When I told Mum I was making curry for dinner, it’s safe to say she was looking forward to it. Naturally, she wanted to know what kind of curry I was rustling up. “Thai, Massaman curry,” I told her.
As I began delving into more detail about what’s involved and where I learnt the recipe, she stopped me and asked, “what meat are you putting in it?”
“No meat, it’s a veggie curry.”
“Oh, OK.” She replied. “That’ll be lovely.”
My parents are of the generation where meat is eaten at most mealtimes – bacon for breakfast, ham or beef sandwiches for lunch, and a beef or chicken dish for dinner. Don’t get me wrong, they have moved on with the times. They make a vast variety of dishes from all over the world – meat and veggie – to satisfy a balanced, tasty diet. But, the ‘meat and two veg’ mindset (no, not THAT meat) got me thinking. Are we, generally, eating too much meat?
Then I watched the documentary ‘Cowspiracy’. Have you seen it? It’s all about ‘the sustainability secret’ and reveals how animal agriculture (i.e. farming animals so we can eat meat and drink milk) is ruining our planet at a more destructive rate than transportation, people and any other industry. It’s available on Netflix, and I really do urge you to watch it. It’s scary actually. If you don’t have Netflix, but want to see what it’s all about, then this infographic is a good summary: www.cowspiracy.com/infographic
So, I concluded the answer is yes; we are eating too much meat. Including myself. And probably my family. Thank GOODNESS I decided on a veggie dinner. It’s not fully vegetarian – as it has shrimp paste and fish sauce. But it’s a step in the right direction if consuming less meat is on your agenda.
I’m not going to get all preachy about this – as I still have lots to learn about climate change and its causes. But as I’m getting older (and wiser), I’m realising more and more that I actually give a fuck about the planet. So if there’s anything I can do to help it, I’ll give it a go. If you want to fully understand what I’m on about, watch the documentary!
So this recipe is adapted from one I made in Thailand with a Canadian chef, on a cookery course in Koh Pha Ngan. My mum, sister and friend were blown away by how tasty it is. I hope you enjoy this veggie FEAST as much as we did.
Note: I used Thai Taste Massaman red curry paste as, when in Thailand, we had the luxury of getting the paste from the local curry paste lady. She makes them fresh every week, and sells them on her street stall. The one from Thai Taste is great value, available in most supermarkets, and is the closest I can currently find to match the curry paste lady’s version.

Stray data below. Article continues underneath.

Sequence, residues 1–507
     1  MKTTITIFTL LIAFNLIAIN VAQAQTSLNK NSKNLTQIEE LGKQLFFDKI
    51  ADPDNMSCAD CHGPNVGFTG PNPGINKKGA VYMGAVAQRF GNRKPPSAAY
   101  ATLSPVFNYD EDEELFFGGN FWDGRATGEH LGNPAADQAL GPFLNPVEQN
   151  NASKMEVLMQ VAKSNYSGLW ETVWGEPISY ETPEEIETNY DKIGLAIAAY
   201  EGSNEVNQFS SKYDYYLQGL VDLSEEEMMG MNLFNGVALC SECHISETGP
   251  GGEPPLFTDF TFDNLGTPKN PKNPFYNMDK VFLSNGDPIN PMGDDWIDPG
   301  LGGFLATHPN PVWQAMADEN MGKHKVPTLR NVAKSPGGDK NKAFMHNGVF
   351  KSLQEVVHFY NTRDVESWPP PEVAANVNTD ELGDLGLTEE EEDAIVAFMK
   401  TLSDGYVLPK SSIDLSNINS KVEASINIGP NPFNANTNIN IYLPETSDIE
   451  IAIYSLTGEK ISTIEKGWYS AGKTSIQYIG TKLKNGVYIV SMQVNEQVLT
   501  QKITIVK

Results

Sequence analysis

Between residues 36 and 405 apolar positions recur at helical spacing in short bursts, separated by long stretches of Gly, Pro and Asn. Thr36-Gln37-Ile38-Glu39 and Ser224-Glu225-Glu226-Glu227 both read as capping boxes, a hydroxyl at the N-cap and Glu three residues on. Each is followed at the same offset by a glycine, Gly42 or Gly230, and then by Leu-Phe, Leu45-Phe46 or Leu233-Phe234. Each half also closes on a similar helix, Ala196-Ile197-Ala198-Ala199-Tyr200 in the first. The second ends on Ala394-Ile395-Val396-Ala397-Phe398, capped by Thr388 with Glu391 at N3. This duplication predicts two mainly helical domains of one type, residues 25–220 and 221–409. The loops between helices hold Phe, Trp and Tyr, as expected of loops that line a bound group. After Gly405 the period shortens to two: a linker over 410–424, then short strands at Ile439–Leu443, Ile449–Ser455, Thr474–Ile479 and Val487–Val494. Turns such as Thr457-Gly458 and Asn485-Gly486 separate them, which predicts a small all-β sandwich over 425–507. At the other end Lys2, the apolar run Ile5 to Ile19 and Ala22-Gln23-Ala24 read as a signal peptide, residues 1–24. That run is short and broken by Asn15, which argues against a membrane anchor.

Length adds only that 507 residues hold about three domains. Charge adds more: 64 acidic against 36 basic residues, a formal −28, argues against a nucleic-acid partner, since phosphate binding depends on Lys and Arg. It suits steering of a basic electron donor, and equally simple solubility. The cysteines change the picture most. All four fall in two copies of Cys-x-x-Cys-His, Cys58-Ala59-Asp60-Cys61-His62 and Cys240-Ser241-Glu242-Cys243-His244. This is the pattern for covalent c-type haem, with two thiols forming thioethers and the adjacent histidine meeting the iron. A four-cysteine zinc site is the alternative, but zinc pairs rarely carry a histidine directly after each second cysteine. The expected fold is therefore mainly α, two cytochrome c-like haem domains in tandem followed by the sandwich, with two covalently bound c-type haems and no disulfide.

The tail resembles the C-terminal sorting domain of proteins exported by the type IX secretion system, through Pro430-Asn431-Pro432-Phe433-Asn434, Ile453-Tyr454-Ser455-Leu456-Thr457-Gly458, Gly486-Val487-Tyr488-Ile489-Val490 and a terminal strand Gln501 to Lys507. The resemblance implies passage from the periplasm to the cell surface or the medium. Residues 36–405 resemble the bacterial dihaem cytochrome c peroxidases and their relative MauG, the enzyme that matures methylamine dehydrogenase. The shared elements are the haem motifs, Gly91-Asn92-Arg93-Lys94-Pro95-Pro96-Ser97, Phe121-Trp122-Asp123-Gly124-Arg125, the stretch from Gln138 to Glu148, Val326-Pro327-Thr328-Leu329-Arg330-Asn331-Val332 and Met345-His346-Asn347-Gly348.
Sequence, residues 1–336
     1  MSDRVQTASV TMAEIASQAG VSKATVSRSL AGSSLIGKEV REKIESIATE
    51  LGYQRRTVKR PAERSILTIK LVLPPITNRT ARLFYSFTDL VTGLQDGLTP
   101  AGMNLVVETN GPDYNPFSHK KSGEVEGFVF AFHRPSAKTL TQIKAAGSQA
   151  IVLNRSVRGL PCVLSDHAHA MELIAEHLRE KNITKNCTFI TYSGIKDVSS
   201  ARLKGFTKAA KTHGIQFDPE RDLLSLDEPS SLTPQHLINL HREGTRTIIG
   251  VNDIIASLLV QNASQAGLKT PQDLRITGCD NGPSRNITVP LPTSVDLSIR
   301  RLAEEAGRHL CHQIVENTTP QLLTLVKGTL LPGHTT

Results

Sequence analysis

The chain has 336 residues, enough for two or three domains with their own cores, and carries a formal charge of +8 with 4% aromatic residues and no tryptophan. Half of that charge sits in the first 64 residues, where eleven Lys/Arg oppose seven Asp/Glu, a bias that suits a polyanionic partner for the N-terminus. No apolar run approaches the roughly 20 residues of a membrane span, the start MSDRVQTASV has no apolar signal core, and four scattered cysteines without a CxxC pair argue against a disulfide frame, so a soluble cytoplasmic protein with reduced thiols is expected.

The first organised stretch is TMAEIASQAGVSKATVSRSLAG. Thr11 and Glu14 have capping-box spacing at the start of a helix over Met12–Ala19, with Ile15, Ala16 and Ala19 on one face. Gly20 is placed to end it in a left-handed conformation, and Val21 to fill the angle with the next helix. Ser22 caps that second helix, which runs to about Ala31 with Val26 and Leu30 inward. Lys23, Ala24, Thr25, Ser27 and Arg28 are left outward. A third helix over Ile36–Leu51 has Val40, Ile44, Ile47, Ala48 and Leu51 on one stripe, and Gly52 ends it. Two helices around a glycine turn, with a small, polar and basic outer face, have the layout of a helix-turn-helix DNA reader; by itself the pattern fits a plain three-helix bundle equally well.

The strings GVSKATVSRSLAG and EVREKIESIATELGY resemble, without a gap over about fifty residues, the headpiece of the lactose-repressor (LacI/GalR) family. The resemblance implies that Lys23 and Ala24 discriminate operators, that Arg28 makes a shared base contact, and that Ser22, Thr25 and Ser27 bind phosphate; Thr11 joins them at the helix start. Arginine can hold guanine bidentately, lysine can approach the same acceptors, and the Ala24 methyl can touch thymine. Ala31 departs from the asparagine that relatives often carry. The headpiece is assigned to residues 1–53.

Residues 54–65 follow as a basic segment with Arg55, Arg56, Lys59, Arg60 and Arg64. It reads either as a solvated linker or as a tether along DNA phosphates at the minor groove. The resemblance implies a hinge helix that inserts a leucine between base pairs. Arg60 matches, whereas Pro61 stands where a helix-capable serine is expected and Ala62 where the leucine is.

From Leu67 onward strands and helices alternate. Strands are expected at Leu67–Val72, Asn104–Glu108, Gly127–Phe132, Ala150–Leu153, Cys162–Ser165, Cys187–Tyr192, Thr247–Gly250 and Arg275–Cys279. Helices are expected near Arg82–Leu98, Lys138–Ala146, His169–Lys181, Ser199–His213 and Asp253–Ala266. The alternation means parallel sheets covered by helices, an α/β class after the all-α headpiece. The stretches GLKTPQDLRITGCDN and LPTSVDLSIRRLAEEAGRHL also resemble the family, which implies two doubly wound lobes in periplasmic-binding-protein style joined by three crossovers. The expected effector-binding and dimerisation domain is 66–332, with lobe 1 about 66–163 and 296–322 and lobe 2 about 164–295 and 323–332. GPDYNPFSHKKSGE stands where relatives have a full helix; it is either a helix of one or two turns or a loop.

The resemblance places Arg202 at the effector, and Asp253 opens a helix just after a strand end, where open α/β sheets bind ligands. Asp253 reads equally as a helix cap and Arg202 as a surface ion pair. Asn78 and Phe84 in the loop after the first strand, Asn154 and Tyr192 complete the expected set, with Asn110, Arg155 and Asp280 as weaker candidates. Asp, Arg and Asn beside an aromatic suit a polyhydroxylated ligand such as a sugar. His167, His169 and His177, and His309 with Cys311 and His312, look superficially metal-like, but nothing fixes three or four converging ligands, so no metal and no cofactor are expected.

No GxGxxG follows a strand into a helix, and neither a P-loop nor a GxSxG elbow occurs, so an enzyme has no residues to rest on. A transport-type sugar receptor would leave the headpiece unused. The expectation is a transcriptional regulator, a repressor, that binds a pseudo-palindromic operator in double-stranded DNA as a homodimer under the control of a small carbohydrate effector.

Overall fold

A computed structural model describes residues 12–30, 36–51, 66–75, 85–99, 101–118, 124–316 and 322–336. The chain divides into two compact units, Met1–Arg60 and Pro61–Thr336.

What you need
- 1 400ml tin coconut milk
- 1 200ml box of coconut cream
- 3 Thai chillies (de-seeded)
- cooking oil – I used Borderfields garlic and ginger rapeseed oil; it’s lush
- a thumb sized piece of fresh ginger
- 3 cloves of garlic
- 1 white onion (finely diced)
- two handfuls of toasted peanuts (crushed)
- 3 medium-sized white potatoes (roughly diced)
- half a butternut squash (diced)
- 100g baby corn
- 100g sugar snap peas
- 2 fresh limes
- 1 tsp fish sauce (optional)
- 1 tbsp soy sauce
- 1 tsp palm sugar
- 2 heaped tbsp massaman curry paste – I used Thai Taste and think this one is the most authentic
- Basmati rice and coriander to serve
What to do
Peel and roughly dice the potatoes, then boil until soft. Drain and set aside until later.
Heat oil in a wok over a medium heat.
Gently fry the onions until they begin to soften (and turn translucent). Add the garlic and ginger and stir for 1-2 minutes.
Add the chopped chillies and stir.
Next, add the diced butternut squash and stir-fry for 4 minutes, this time over a medium-high heat. Make sure the onions and garlic don’t burn, or the flavour will turn bitter. And nobody wants that!
Add 2 heaped tbsp of curry paste and stir to release the fragrance (smelling gooood, right?). Then add the tin of coconut milk, the coconut cream and a splash of water. Stir it all together and bring to a gentle boil.
Turn the heat down to a simmer. Add the soy sauce, palm sugar and fish sauce. Cover and simmer on a low-medium heat for 10 minutes… And for the last 5 minutes of cooking time, add the baby corn and sugar snap peas.
Add the diced potatoes and give it all a good stir. Simmer on a low heat for 3 minutes with the lid off to warm the potatoes through and get rid of any excess water.
Serve with basmati rice, coriander (optional), lime wedges and top with crushed peanuts.